A palliative care physician remembers difficult lessons about 'difficult' patients and how she improved in their care throughout her career.
“Thanks for finally getting here!” Lonnie hissed from her hospital bed as I slipped through the door.
I thought better of turning on the light.
“I’m so sorry. I’ve been trying to get here all night. It’s nice to meet you. I’m Dr. Makoff, the hospitalist.”
“I know. They told me you’d be coming—hours ago.”
“Again, I’m sorry. How are you doing?”
I stood at the side of her bed, my shoulders sagging from the hour and the weight of papers, pens, and stethoscope, crammed into the pockets of the long white coat over my kelly green scrubs. I didn’t have the energy for a “difficult” patient. I’d been up all night admitting patients to the hospital with diagnoses like pneumonia and heart failure.
Lonnie was in her twenties. She had a rare disease that frequently flared up. I guessed her overnight bag was always packed in a closet by the front door.
“If I was good I wouldn’t be here. I’m not one of those patients who enjoys being in the hospital.” The sharpness was not fading from her voice.
“I just need to ask you a few questions so I can get your usual meds ordered,” I mumbled.
What I really needed was a nap in the tiny bed in the on-call room upstairs. Or at least a cup of coffee from the Starbucks in the lobby.
“I have a question for you,” she said. I couldn’t see her face, but something in her tone made my nerves stand on end. “Have you ever seen this disease before?”
“Not often, but…yes,” I answered. My jaw muscles tensed as I tried to remember whether that was true, or if I had just read about it on UpToDate, the favored informational platform for doctors.
Lonnie seemed to sense my hesitation. “Am I too complicated for you, Doctor?”
Suddenly I felt breathless, oxygen escaping my lungs like a punctured balloon. I couldn’t respond, but I knew I had to get away. I turned and pushed through the door, my weak legs collapsing me into a tiny seat by the nursing station.
I electronically ordered the medications she’d been on the last time she was in, and within hours signed her out to the day doctor to take over her care.
I would never see her again.
“Let’s be honest. You don’t want to be here.” I was perched on a stool, failing to get my new patient Sarah to talk to me.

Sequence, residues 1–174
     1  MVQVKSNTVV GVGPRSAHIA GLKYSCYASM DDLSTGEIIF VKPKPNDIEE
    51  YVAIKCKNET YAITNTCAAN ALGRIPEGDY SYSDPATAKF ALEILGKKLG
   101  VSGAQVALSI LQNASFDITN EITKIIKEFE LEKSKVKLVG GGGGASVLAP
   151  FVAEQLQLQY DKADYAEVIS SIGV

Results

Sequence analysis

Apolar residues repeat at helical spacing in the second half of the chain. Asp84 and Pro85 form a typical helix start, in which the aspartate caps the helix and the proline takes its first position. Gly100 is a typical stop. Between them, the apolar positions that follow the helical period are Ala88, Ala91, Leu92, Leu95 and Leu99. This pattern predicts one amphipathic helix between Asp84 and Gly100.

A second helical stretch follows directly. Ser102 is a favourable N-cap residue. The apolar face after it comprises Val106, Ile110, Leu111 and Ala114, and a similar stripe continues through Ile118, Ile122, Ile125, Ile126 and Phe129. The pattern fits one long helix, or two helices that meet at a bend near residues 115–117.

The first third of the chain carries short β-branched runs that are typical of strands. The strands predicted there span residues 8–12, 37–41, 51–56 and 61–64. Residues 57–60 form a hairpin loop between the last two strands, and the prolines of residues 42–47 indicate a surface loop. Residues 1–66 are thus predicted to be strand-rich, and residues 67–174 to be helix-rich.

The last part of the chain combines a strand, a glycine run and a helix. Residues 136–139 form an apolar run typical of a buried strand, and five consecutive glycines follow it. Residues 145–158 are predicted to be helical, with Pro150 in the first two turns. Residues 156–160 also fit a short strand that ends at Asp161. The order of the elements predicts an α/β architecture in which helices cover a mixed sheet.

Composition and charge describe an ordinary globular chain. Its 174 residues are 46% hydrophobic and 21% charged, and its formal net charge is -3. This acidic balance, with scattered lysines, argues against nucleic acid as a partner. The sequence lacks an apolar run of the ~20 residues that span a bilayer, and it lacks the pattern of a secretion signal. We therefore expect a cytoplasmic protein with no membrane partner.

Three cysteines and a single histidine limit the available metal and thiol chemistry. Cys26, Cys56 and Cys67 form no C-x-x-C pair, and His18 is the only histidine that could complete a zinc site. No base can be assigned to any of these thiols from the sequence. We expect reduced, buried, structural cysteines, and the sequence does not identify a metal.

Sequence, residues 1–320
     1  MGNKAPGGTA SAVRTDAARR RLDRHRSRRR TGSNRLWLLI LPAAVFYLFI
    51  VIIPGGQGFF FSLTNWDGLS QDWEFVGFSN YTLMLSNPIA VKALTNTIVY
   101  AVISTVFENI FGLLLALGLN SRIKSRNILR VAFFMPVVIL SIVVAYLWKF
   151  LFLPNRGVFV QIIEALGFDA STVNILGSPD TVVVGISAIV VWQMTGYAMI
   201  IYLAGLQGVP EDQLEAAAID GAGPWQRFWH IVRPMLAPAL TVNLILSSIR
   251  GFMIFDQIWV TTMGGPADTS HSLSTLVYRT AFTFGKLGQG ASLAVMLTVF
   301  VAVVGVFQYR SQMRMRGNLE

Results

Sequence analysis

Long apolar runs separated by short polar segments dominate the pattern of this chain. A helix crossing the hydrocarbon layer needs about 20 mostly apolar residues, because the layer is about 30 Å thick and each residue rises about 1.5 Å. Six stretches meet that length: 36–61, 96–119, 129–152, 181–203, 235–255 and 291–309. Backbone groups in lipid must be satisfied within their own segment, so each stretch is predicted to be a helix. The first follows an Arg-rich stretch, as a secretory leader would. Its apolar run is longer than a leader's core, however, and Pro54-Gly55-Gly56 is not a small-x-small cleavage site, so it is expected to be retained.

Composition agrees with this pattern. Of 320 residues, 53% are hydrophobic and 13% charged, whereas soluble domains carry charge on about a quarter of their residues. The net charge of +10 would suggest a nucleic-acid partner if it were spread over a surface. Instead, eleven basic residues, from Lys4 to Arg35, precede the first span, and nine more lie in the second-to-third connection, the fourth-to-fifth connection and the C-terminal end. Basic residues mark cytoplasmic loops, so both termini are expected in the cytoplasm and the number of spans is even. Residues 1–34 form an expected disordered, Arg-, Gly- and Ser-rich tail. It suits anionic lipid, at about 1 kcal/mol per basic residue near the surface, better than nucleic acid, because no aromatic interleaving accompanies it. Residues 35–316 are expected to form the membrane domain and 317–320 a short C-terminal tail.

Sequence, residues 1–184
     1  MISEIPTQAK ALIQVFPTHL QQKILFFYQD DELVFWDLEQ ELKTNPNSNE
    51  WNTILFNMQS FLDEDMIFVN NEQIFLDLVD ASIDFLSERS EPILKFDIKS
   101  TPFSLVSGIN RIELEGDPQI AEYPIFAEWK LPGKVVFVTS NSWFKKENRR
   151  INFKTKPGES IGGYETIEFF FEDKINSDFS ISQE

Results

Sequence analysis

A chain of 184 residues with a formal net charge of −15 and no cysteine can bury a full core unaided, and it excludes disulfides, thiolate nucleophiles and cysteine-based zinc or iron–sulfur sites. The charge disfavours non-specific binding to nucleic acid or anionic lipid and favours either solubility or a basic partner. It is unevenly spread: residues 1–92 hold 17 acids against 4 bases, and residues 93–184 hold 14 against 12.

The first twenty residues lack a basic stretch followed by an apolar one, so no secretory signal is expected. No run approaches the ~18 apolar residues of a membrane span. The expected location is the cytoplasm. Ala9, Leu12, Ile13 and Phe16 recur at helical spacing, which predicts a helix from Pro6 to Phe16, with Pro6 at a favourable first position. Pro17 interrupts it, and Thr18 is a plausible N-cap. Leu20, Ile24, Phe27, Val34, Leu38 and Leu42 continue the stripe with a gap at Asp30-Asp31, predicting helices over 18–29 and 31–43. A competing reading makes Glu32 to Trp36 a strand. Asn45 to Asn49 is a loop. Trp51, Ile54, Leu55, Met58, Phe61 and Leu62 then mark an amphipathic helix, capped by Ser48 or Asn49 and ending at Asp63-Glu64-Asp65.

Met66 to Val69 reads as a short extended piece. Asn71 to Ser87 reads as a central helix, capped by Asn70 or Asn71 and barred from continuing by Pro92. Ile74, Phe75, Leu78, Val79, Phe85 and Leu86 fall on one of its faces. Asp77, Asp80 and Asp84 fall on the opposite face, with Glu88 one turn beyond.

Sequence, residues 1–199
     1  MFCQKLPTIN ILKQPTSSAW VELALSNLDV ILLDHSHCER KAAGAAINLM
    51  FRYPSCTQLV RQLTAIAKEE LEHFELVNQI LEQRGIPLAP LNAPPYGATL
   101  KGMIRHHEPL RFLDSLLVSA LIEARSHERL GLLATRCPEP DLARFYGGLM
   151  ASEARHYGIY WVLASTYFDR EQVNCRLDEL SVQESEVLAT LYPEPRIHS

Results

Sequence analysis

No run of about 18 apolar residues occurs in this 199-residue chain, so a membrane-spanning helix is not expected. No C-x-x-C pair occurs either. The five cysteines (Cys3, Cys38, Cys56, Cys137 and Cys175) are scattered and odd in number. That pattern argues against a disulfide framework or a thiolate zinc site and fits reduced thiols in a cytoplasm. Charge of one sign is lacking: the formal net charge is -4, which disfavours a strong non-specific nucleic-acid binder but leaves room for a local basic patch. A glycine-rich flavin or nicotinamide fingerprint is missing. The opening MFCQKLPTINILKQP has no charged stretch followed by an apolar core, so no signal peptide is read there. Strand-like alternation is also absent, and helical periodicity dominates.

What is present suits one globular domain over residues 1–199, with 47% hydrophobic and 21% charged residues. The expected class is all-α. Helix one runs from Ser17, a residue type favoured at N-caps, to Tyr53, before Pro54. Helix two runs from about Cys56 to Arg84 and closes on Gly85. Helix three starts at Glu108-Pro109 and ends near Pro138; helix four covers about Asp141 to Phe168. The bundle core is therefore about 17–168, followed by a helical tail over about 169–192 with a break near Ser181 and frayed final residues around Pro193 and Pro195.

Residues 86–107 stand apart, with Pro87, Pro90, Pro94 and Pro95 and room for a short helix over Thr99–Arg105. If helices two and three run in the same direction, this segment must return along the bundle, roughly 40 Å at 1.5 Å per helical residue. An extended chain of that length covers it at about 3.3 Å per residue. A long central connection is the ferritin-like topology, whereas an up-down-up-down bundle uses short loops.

She stared down at the not-as-clean-as-it-should-have-been-for-a-cancer-center floor, her arms crossed tightly across her chest, her brown-gray hair falling in a curtain over her forty-year-old face.
I took a deep breath. “If you don’t think I can help you, you are free to leave,” I said gently.
“Oh, am I?” Sarah chuckled darkly. “I haven’t been able to get out of here for five years, and now you say I can just go?” Then the tears came, rolling in rapid waves down her cheeks. “I’m sorry. I never do that. I don’t know what happened,” she muttered, wiping her face on her long sleeves, straightening herself up.
“No need to apologize.”
Leaning against her chair legs were cloth bags filled with bottles of water, snacks, and a crumpled sweater. She thought she was getting her treatment that day. When she got to the cancer center, the infusion nurse gave her the news that her ovarian cancer had spread and that her doctor had canceled the chemo.
“They’ve all given up on me. But I can’t give up.”
Her eyes bored into mine. She seemed furious. Accusing, as if daring me to prove her wrong. I was familiar with this scenario, this stance. I knew that terror lay just beneath the rage. At that moment, her anger was the only power she felt she had.
“Sarah, how incredibly hard it must be to feel you’re all alone in this.”
“I just want to get out of here.” She moved to get up, her voice desperate but her body unable to comply. She lifted herself slowly from the chair, pelvis first, one hand pressing into her belly, the other girding herself from below. Her face fell into a grimace. She shuffled to the threshold and then turned back: “But can you give me something for the pain?”
“Yes. But I’ll have to ask a few questions about what’s hurting you. Okay?”
Sarah groaned, moved back in, and eased herself down into the chair, her belongings dropping and scattering around her feet: “Yeah.”
In the days and weeks that followed, we got Sarah’s pain under control. I learned that she had a young daughter. When the cancer kept growing, our palliative care team helped Sarah plan for her daughter’s future without her. She died not long after. I never forgot her.
The sign on the easel outside the conference room said “Palliative Care Communication.”